No High Times on The Hill

Canada's Parliament building lit up with psychedelic colors during an annual light show.Canada’s Parliament building lit up with psychedelic colors during an annual light show.In the grand scheme of things, marijuana policy isn’t likely to bring about a change of government.

Despite surveys showing a majority of Canadians approve legalizing possession of small amounts of pot, the law isn’t changing any time soon.

But that hasn’t stopped advocates from pressuring the prime minister on the subject, nor has it prohibited, pardon the pun, Stephen Harper from sounding like an early-1900s social reformer trying to ban the demon drink.

Marijuana prohibition was the hottest topic among the questions submitted prior to the PM’s YouTube interview last week, and he was gracious enough to give an answer.

But instead of coming off with the intelligence he’s known for, or even as the master obfuscator he has become, Harper hilariously morphed into Mr. Mackey, the guidance counsellor from the rabble-rousing animated show South Park.

“The reason drugs are illegal is because they are bad,” he said, after a preamble about his kids, and completely negating studies that show marijuana really isn’t all that harmful.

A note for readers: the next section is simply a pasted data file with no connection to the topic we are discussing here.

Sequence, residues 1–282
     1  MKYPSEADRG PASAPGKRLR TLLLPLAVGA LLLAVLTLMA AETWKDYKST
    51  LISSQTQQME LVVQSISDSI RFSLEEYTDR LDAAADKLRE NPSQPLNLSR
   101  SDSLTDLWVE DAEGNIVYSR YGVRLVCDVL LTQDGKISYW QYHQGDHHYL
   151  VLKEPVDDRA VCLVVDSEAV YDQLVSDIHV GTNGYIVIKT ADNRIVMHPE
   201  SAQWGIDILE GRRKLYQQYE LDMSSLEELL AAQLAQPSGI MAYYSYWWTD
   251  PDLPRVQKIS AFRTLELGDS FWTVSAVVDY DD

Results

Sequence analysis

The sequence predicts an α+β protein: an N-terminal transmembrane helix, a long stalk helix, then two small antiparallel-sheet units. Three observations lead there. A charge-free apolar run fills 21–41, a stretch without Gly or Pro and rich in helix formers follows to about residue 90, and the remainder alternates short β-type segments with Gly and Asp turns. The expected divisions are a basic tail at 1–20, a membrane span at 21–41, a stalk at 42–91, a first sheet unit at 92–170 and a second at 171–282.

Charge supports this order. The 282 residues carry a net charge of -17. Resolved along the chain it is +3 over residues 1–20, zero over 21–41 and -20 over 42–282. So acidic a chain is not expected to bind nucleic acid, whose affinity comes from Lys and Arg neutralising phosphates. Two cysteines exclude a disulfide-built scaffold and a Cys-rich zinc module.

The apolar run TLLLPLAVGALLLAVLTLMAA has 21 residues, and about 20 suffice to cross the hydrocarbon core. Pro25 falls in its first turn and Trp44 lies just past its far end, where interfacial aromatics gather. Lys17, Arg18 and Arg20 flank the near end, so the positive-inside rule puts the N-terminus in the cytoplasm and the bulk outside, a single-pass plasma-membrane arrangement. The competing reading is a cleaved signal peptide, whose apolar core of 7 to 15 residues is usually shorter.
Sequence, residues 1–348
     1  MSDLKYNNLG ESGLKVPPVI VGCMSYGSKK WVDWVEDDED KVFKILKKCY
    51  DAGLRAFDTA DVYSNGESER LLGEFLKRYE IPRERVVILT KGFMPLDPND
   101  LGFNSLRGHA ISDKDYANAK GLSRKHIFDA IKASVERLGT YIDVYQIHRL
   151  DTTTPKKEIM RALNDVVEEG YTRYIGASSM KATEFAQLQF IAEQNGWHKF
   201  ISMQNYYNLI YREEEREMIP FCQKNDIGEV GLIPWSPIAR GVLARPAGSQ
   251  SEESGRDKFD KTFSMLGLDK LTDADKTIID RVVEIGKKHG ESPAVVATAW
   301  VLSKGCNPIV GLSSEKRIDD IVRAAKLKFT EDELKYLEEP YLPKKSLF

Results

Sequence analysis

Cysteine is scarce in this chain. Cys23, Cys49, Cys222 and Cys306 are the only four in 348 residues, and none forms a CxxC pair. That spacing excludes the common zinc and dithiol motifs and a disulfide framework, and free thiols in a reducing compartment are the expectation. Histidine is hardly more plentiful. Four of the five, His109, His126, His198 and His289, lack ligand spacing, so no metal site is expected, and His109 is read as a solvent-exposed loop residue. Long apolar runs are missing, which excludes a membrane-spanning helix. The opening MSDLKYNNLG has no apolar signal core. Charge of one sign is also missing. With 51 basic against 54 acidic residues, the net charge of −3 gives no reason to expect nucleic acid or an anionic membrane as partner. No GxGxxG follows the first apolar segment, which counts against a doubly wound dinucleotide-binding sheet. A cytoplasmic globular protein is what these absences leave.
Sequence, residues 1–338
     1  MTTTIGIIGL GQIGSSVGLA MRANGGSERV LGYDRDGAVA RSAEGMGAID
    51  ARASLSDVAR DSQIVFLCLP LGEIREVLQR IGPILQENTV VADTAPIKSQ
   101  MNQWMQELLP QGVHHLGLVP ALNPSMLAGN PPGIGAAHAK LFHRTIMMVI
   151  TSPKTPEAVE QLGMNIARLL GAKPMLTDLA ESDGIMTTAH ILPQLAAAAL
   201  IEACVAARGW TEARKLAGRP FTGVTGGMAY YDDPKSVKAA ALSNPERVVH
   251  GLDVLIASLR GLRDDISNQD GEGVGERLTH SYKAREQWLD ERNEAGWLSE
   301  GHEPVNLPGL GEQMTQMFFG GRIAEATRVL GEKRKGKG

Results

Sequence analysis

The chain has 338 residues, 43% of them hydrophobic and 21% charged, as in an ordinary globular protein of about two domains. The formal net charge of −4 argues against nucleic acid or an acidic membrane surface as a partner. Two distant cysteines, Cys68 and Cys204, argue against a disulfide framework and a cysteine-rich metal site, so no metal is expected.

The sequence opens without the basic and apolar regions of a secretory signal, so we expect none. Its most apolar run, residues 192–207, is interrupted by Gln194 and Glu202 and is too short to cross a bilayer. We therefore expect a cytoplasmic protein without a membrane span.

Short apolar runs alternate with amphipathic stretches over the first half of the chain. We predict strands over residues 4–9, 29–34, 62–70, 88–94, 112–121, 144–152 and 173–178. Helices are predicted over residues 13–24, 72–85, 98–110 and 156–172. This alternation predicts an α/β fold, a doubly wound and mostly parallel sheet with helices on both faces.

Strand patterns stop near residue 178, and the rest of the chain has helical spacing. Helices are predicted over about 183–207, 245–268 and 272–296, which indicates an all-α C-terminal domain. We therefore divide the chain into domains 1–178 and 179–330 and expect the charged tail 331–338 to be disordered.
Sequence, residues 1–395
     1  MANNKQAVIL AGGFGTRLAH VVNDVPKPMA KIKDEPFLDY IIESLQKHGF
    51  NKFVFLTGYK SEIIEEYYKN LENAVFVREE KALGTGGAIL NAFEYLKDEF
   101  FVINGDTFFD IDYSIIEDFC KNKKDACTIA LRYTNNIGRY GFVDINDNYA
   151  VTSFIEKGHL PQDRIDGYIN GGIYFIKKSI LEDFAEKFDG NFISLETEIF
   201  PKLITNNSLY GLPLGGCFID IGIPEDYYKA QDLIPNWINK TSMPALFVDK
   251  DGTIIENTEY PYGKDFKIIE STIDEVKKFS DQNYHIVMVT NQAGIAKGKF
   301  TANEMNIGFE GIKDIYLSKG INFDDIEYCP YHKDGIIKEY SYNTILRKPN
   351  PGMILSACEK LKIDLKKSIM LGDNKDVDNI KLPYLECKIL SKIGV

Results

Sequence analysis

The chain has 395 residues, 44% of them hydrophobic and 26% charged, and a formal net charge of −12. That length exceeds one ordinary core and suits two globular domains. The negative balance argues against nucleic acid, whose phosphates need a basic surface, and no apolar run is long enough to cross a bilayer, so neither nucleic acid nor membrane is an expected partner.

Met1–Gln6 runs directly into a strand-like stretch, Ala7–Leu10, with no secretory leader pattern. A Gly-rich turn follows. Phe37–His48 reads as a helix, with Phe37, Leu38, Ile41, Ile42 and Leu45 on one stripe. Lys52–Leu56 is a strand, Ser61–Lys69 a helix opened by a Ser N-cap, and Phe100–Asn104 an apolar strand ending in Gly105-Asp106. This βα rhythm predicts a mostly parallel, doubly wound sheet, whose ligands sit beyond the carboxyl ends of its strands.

He went on to comment on how drugs are controlled by evil foreign cartels, and even if they were legalized, they would never be a respectable business.

If respectability were such a concern, it’s a wonder he hasn’t taken a run at the tobacco industry, porn or payday loan companies.

But hey, he’s a conservative politician preaching a law and order agenda. No one can be all that surprised.

What’s galling about all this is the utter condescension shown the reasonable opinion of a majority of Canadians.

But he’s in good company.

Liberal Leader Michael Ignatieff, who as an Ivy League egghead probably saw enough trust fund babies find success while doing far worse than smoking pot, laughably told a group of high school kids they’re practically pointing a loaded gun at their heads by lighting up a “marijuana cigarette.”

The least these two supposedly smart men could try to offer, in defending their positions on the matter, is some actual intelligent debate, rather than talking to Canadians as if they were their pre-teen children.

It’s one thing to offer a kid a rote response, but adults deserve better.

– Article from Toronto Sun.